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July 2019

2019 Indiana State Fair Kicks Off

For more than 165 years, generations of families have enjoyed the Indiana State Fair. From Aug. 2-18, this annual Hoosier tradition will again offer a vast number of activities for all ages to enjoy.

This year, the fair will focus on everyday Heroes of the Heartland whose exceptional commitment and caring enrich our lives without the benefit of capes, costumes or superpowers. These farmers, teachers, law officers, firefighters and members of the Armed Forces are our support and our strength. Click here to submit a photo of your Hoosier hero and to find the schedule of the fair’s cultural heroes.

For fans of comic-book super heroes, you can check out the Super City: Where Heroes Unite! interactive exhibit. Each day, a different super hero from either DC or Marvel comics will be available for daily meet and greets at noon, 2 p.m., 4 p.m. and 6 p.m. A super hero virtual reality experience will also be available.

The Free Stage will feature a variety of musical acts including Ace Freely of Kiss, Air Supply, KC & The Sunshine Band, and Boyz II Men. The Hoosier Lottery Grandstand will also provide plenty of entertainment with a mixture of free and charged admission events. An illuminated tractor parade, hot air balloon launch, and traditional events like the high school band and cheerleading competitions, along with the tractor pull and rodeo are sure to be crowd pleasers.

Click here to check out other shows and competitions on the schedule.

There are over a dozen new foods to try this year, including bacon poutine, bison hush puppies and the trifecta hero dreamsicle.

If you’re planning to visit the Indiana State Fair, be sure to check out the promotional days and deals. Days dedicated to military personnel, first responders and other causes give guests the opportunity to purchase discounted tickets. Click here to view a full list of Indiana State Fair ticket deals.

Check out IndianaStateFair.com for more information.

*Photo attributed to the Indiana State Fair

Schools eligible for safety grants

Schools seeking additional funds for safety improvements can apply for the Secured School Safety Grant. Applications to receive funding through the program need to be submitted before Aug. 2 and can be found by clicking here.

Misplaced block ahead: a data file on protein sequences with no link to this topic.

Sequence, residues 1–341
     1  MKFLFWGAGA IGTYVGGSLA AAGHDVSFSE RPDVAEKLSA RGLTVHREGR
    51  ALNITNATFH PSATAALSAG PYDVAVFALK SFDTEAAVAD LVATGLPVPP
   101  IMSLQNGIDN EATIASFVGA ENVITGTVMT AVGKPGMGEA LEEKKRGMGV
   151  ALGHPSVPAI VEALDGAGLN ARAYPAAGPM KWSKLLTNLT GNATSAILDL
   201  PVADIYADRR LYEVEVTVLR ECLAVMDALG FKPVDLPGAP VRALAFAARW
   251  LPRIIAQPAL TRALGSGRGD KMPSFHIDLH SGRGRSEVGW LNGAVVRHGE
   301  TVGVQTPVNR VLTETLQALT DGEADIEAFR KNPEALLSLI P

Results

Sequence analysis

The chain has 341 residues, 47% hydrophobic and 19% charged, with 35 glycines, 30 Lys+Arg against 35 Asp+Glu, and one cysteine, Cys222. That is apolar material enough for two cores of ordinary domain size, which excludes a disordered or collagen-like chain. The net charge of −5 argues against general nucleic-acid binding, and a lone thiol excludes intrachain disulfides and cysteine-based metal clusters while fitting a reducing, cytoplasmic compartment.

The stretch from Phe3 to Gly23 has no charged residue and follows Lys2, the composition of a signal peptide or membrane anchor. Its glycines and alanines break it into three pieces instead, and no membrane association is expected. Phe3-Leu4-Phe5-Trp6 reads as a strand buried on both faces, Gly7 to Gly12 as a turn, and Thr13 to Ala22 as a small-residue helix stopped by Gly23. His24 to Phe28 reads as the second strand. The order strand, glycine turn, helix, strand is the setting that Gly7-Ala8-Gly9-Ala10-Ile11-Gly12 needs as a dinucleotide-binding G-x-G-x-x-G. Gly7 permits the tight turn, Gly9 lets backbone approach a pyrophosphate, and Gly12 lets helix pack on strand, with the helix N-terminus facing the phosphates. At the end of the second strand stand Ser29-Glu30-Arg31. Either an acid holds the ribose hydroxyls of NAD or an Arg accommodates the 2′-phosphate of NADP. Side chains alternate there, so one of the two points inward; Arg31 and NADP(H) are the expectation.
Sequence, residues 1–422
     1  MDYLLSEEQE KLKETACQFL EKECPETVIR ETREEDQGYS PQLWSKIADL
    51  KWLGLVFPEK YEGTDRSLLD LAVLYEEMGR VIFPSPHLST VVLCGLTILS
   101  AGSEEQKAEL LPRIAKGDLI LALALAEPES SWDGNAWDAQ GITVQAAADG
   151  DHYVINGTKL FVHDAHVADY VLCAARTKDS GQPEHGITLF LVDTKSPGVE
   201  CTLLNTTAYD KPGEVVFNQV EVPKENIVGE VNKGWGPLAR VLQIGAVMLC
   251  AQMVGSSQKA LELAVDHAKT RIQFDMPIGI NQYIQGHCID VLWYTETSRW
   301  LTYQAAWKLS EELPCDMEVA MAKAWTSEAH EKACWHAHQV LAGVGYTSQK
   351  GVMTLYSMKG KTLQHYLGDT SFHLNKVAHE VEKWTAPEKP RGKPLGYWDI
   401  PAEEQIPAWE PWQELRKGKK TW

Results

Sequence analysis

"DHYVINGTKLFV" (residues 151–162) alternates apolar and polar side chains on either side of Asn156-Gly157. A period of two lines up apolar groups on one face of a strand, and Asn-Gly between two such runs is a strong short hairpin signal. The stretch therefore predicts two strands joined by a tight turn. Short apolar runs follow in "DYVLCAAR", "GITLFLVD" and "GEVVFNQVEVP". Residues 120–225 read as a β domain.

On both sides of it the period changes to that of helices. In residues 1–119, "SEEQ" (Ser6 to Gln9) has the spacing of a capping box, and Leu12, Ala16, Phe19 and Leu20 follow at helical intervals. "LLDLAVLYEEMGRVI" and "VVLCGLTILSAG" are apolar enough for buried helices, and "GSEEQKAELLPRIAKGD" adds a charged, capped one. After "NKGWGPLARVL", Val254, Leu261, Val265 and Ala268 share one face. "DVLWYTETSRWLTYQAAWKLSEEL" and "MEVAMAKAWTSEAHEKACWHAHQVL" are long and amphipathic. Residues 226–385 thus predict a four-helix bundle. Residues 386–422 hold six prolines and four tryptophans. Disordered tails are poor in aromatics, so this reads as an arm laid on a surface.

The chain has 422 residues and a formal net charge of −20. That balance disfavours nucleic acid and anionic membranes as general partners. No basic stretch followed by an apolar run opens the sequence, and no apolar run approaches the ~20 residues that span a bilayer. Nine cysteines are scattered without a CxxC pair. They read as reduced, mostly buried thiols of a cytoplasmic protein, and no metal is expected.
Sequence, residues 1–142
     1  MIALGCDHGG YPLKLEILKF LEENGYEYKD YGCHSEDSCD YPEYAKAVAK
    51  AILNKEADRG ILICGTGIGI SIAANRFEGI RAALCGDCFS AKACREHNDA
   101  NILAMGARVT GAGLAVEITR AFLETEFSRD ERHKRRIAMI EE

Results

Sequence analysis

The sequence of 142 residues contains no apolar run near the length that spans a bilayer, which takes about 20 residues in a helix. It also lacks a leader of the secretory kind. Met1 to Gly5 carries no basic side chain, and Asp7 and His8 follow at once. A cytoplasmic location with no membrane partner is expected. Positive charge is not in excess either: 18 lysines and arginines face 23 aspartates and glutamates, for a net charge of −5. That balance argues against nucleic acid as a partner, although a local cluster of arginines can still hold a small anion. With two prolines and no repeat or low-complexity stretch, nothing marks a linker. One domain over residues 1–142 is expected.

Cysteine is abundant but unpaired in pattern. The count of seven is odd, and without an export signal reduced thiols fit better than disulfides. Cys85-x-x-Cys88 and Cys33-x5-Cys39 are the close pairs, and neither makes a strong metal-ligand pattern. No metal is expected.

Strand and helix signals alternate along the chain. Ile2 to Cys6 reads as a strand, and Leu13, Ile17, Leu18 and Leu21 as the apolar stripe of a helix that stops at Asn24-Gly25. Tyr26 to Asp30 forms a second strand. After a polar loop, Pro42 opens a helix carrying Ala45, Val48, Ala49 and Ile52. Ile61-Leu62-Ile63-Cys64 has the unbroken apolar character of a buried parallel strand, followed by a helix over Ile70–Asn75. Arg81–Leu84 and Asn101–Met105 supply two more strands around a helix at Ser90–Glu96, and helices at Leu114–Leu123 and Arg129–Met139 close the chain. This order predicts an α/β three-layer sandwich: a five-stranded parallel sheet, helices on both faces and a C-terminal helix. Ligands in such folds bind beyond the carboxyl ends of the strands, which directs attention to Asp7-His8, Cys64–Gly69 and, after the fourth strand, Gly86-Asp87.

Grants can be used for hiring school resource officers, conducting threat assessments, making safety improvements to buildings, and covering startup costs for “active event” warning systems to quickly notify emergency responders.

State lawmakers recently appropriated an additional $5 million to the fund, which now totals $19 million.

School safety is critical, and these grants help schools take important steps to protect students and foster a positive learning environment. From providing money to schools to update security to being prepared for active shooter scenarios, Indiana is addressing the issue from all sides.

Since being established under law in 2013, the Indiana Secured School Safety Grant Program has delivered more than $53 million in matching grants to Indiana school districts across the state.

Grant awards will be determined by Sept. 1, 2019.

To learn more about the program, access school safety resources, and to sign up for updates please visit: https://www.in.gov/dhs/securedschoolsafety.htm

Indiana top state for infrastructure

Indiana is home to more than 80,000 miles of highly traveled roadways, making it all the more important to maintain and preserve our roads and bridges. In recent years, House Republicans worked hard to support and improve our state’s infrastructure in a comprehensive, responsible and sustainable way. These efforts have paid off, as Indiana was recently ranked No. 1 in the country for infrastructure by CNBC.

In 2017, Hoosier lawmakers supported the largest, fully funded infrastructure investment plan in state history. This conservative plan ensures Indiana’s roads are paid for by the motorists who use them, without passing any debt to future generations. The plan also created the Community Crossings Matching Grant program, which awards millions of dollars each year to local communities for road and bridge improvement projects.